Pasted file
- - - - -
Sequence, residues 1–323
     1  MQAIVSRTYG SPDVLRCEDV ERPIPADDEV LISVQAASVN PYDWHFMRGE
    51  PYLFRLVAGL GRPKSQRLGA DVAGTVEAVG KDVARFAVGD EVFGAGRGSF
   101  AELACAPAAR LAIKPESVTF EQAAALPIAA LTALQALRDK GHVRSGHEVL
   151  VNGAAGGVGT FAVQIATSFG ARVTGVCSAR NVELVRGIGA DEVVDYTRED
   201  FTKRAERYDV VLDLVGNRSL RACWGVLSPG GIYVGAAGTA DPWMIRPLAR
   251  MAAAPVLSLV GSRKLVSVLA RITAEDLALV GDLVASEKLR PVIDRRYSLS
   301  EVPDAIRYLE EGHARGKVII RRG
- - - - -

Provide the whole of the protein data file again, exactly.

Sequence, residues 1–323
     1  MQAIVSRTYG SPDVLRCEDV ERPIPADDEV LISVQAASVN PYDWHFMRGE
    51  PYLFRLVAGL GRPKSQRLGA DVAGTVEAVG KDVARFAVGD EVFGAGRGSF
   101  AELACAPAAR LAIKPESVTF EQAAALPIAA LTALQALRDK GHVRSGHEVL
   151  VNGAAGGVGT FAVQIATSFG ARVTGVCSAR NVELVRGIGA DEVVDYTRED
   201  FTKRAERYDV VLDLVGNRSL RACWGVLSPG GIYVGAAGTA DPWMIRPLAR
   251  MAAAPVLSLV GSRKLVSVLA RITAEDLALV GDLVASEKLR PVIDRRYSLS
   301  EVPDAIRYLE EGHARGKVII RRG